Striking a Balance: Patents and Access to Drugs and Health Care

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Summary by EURACTIV


Access to Health: the role of Intellectual Property rights

In this article, the World Intellectual Property Organization (WIPO), a specialized UN agency mandated with managing intellectual property (IP) issues and standards on an international level, lists some of the most common “myths” ans misconceptions concerning the role of the patent system in ensuring a fair and affordable access to health care for all, and offers a reply:

  • “Problems in access to health care and the availability of life-saving drugs are primarily due to the patent system.”

    Patents are only one of many factors that influence access to health. 95% of the drugs on the WHO’s Essential Drug List do not even fall under patent protection. Often “off patent” drugs remain unavailable or unaffordable because of socio-economic factors.
  • “High drug costs are primarily due to the patent system, which allows companies to keep prices artificially inflated.”

    The price of drugs depends on a wide variety of factors, including the cost of R&D, production, distribution and marketing. The actual market price of drugs is often marginal to the problem of access to drugs.
  • “The patent system favors corporate interests over the greater social good.”

    Patents are essential in stimulating the development of drugs, as they offer incentives for investing in expensive, long-term R&D. In return for patent protection, the patent system requires adequate disclosure of information about new inventions which would otherwise remain secret proprietary information. This technology transfer is important to promote and further help R&D: medical researchers rely heavily on previous work in developing better drugs.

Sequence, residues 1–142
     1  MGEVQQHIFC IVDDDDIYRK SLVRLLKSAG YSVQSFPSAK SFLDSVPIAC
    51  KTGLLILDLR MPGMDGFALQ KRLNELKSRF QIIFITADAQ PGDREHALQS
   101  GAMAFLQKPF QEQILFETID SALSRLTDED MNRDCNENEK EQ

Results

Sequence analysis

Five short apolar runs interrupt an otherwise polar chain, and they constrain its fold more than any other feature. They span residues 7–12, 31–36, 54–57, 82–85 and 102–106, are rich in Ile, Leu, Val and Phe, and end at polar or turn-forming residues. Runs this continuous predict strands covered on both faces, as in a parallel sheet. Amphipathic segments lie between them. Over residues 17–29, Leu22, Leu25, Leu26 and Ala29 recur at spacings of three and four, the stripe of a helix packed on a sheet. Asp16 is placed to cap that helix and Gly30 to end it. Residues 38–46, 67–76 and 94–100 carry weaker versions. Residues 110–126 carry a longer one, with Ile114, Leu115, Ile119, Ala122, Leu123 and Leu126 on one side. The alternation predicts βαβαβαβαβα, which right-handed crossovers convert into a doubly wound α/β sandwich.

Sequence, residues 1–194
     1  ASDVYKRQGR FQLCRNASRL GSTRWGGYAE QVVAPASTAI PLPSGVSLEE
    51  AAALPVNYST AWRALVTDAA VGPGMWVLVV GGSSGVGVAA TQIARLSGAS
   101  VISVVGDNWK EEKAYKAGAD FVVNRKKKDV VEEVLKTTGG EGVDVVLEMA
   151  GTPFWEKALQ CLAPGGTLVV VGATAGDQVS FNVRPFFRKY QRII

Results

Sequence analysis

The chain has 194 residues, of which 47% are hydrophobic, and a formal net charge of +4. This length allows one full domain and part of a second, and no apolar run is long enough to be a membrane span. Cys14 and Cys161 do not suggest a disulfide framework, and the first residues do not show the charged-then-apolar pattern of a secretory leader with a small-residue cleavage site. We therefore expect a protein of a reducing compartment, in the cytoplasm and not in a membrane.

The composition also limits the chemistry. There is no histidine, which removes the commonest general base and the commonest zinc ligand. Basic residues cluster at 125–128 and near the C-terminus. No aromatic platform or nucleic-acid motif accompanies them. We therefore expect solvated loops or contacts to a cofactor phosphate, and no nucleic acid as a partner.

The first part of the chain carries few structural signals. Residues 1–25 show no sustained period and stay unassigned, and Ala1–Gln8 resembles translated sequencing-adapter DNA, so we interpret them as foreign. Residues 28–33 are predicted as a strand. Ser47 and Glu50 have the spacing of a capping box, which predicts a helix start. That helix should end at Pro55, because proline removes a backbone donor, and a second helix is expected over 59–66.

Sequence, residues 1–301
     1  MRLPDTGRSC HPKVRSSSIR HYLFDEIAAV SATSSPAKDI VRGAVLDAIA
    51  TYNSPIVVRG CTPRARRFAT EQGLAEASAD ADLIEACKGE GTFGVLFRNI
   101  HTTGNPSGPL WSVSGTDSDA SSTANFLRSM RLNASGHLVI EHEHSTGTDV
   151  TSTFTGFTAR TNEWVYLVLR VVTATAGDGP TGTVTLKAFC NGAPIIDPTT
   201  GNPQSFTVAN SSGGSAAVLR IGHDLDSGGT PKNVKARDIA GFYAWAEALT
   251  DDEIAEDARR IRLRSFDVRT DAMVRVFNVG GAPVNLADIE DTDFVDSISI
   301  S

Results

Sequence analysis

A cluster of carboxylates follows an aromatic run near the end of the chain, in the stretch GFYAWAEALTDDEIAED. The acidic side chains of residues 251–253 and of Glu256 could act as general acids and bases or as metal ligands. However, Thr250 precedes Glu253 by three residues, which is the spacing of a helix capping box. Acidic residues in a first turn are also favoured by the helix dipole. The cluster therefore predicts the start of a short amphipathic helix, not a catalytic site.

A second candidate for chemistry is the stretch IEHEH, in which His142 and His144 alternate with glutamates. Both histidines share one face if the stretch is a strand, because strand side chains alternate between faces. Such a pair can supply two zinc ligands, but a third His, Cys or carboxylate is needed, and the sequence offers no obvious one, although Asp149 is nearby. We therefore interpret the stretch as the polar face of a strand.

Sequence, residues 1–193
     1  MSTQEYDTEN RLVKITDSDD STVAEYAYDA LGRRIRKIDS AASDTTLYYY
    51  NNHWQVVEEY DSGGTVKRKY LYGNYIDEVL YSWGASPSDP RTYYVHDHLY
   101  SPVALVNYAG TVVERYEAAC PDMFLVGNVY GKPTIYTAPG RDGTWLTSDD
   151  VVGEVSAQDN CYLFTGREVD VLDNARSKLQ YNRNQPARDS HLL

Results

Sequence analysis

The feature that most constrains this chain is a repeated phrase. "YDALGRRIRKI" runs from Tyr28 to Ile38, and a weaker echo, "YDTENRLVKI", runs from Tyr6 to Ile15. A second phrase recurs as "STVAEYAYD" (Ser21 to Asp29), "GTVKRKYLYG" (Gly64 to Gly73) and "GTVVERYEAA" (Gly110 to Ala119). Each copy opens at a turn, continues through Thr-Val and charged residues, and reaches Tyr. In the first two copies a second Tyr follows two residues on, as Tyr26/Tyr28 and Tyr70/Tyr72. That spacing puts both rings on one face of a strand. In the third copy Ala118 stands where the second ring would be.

• “The patent system deters sound competition.”

    In granting a patent, the government gives exclusive rights to the patent owner for a limited time to decide who may use the patented invention. During that period, anyone can obtain a patent on an improved invention. When the patent expires, the invention enters into the public domain and anyone can freely use or reproduce it. This way, the system allows new entrants to compete against existing patent holders.
  • “The patent system is especially unfair to developing countries, which face difficult social and economic circumstances and should be exempt from international intellectual property requirements, especially in the case of patent protection for certain drugs.”

    An adequate patent system, effectively administered, can: stimulate domestic innovation, foster new industries, create jobs, and attract foreign investment. It can also help countries develop and strengthen their own research infrastructures. It is a key factor in sustained economic development and ultimately helps break the cycle of poverty.
  • “International treaties concerning patent protection interfere with the basic human right to life-saving drugs.”

    Both the right of individuals to enjoy the financial and moral benefits as a creator of intellectual property, and the right of all human beings to adequate health and medical care, are set forth in the UN Declaration of Human Rights. They are complimentary, not contradictory, because the former rights afford the enjoyment of the latter rights.

For the full article see:“Striking a Balance: Patents and Access to Drugs and Health Care”.  

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